Dear Prudie,
I just took a terrible Uber ride to a fairly popular airport that’s within 5 miles of my house. The driver drove us way out of the way, and when I tried to correct him, he still had trouble understanding. I had to give him step-by-step directions for very obvious marked roads (“get in the right lane for departures”) and ended up paying double what that ride usually costs because of his snail pace and wrong turns. Normally I would have no problem rating someone poorly, especially if he was a young kid with plenty of time to find a new career, but this was a man in his late 60s without a good grasp of English and probably not a lot of career options. So is it rude to give him a one-star rating? And is that the kind of person I want to be? But I do feel like I owe it to future riders to know what they are getting themselves into.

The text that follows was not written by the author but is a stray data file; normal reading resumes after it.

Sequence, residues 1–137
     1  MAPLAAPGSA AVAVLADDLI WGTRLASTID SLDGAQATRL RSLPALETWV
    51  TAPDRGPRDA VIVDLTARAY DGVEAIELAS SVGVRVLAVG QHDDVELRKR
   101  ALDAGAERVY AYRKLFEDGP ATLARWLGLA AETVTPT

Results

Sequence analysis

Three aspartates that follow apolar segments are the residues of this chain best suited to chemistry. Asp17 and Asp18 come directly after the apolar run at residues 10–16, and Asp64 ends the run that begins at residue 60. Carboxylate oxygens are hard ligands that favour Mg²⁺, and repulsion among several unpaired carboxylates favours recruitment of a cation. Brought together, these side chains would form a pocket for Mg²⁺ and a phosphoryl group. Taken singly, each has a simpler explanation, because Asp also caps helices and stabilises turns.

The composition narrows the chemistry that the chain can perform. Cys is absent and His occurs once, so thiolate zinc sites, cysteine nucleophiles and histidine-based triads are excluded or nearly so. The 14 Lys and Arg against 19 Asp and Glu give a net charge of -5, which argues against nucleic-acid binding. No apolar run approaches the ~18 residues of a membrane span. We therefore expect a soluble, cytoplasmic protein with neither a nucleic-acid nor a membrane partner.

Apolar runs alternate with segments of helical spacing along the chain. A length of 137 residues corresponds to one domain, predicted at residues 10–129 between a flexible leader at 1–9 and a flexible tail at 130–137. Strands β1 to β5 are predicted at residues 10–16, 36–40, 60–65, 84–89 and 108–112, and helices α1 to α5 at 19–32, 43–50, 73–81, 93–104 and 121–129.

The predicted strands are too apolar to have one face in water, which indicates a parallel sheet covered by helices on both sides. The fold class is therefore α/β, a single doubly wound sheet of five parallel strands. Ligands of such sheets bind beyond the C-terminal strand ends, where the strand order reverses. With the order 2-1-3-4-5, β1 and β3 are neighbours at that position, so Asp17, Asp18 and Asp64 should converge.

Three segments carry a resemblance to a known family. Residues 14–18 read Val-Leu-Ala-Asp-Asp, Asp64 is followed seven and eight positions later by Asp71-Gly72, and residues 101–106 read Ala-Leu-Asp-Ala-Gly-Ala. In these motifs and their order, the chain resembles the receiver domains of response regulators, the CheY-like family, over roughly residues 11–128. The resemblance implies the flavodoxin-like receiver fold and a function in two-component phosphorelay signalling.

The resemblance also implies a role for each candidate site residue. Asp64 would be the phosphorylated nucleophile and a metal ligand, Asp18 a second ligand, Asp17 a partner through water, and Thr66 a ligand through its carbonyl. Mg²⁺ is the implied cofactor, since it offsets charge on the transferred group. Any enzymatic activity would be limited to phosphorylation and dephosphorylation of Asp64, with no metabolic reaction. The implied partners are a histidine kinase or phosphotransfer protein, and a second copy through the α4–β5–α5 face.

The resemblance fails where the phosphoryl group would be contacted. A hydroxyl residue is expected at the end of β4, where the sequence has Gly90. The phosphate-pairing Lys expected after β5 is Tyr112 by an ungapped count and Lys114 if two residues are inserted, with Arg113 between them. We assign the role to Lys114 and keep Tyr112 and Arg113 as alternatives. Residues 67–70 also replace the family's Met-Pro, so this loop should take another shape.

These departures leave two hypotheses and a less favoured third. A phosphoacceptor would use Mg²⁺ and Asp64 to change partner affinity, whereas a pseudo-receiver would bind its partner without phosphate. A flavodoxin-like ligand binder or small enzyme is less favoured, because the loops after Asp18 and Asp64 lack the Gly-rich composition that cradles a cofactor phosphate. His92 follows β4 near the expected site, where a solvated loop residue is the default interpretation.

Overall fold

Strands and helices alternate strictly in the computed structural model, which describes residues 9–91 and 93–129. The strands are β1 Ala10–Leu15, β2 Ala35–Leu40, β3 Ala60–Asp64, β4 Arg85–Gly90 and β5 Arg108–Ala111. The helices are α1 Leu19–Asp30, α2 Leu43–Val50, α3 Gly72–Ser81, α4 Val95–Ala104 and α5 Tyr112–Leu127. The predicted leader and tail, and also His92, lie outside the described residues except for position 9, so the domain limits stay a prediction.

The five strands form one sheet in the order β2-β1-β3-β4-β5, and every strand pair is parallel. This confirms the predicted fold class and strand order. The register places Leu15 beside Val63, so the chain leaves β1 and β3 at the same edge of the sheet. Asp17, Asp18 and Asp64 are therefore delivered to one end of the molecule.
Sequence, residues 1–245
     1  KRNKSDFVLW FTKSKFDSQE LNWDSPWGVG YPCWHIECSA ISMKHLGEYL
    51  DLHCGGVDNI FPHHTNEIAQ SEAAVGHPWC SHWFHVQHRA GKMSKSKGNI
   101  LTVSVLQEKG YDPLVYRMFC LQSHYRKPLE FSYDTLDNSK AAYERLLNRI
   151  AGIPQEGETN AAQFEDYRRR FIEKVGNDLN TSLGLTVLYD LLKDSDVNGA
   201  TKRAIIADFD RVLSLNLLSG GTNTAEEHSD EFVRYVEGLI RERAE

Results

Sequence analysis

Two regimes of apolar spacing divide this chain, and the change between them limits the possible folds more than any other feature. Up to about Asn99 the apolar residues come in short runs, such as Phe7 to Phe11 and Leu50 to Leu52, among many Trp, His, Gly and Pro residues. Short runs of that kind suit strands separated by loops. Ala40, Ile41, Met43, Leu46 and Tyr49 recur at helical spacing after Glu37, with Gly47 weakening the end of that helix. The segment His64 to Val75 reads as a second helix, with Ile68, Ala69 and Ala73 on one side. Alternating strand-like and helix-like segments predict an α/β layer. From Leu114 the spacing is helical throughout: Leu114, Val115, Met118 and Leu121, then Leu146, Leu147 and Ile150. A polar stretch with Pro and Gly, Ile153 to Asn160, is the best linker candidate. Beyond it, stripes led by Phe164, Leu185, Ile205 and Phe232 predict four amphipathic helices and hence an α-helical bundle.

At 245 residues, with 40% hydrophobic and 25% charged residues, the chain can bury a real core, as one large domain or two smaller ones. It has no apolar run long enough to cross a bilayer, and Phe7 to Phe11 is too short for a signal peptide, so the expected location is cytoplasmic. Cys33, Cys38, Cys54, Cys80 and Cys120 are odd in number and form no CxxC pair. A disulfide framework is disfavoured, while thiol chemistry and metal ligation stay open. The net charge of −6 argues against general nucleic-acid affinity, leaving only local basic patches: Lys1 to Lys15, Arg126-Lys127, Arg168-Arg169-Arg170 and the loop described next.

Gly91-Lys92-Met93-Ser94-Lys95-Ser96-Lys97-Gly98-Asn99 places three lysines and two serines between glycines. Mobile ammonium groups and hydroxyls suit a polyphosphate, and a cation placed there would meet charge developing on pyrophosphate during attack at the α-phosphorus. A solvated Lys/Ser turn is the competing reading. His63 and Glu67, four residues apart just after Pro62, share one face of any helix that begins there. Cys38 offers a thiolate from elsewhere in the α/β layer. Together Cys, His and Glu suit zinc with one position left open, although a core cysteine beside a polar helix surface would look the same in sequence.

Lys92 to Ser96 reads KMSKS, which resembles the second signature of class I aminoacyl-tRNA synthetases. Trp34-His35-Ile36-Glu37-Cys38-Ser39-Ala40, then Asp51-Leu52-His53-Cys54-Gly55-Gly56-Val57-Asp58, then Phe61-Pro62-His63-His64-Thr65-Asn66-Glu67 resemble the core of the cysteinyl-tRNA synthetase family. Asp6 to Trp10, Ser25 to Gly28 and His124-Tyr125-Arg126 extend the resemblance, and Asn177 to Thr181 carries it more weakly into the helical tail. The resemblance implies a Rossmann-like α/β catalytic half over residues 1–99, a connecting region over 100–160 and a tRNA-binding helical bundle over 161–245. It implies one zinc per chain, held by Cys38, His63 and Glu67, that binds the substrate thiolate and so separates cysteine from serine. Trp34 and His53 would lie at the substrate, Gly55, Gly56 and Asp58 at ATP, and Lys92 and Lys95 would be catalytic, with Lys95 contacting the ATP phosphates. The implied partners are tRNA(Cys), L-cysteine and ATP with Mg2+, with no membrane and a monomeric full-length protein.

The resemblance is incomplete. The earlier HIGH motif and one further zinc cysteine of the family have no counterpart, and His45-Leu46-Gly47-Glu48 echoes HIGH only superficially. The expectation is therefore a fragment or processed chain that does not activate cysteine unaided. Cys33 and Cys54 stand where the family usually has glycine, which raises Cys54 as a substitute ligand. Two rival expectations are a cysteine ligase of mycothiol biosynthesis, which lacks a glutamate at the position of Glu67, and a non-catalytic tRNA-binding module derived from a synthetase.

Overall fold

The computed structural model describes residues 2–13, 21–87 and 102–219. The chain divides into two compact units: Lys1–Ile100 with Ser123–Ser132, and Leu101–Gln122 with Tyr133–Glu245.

—Road Raging

Dear Raging,
I’ve only had great experiences with Uber, so I’ve never had your dilemma. I also realize I have always failed to rate these lovely people, so I will start doing so now (especially since they are apparently rating me). For some reason, Uber comes in for a lot of bashing, but where I live, the shared motto of the cab companies appears to be: “When You Absolutely Positively Have to Get to the Airport, We Will Not Send a Cab in Time.” Uber has always sent a car in time. You had a bum ride, and Uber has a system for making sure incompetent drivers aren’t part of its fleet. But like you, my heart lurches imagining what might be the life story of this man. So, steamed though I would have been, I wouldn’t have bothered to give him one star. But there’s nothing wrong with seeing it as your civic duty to notify the company that its driver isn’t up to the job. You don’t say whether his incompetence was just as a navigator or if he also made you feel unsafe on the road, but if he was a dangerous driver, that would change the equation about the imperative to report.